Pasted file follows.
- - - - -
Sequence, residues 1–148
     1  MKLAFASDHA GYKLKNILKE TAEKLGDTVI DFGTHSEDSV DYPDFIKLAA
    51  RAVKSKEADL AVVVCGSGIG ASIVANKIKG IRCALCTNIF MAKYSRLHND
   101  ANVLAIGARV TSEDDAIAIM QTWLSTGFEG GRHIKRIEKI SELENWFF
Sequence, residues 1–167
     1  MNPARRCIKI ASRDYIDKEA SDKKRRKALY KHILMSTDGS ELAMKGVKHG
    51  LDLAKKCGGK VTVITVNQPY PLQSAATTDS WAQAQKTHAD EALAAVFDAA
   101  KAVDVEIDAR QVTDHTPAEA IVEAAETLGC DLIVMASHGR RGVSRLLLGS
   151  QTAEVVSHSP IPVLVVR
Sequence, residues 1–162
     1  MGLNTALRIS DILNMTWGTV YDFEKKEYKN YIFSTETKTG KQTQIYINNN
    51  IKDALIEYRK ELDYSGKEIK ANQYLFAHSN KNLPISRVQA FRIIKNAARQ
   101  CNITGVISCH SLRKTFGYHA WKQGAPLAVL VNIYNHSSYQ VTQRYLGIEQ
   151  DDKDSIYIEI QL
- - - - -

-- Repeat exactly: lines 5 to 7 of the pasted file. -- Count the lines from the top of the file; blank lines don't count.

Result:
Sequence, residues 1–167
     1  MNPARRCIKI ASRDYIDKEA SDKKRRKALY KHILMSTDGS ELAMKGVKHG
    51  LDLAKKCGGK VTVITVNQPY PLQSAATTDS WAQAQKTHAD EALAAVFDAA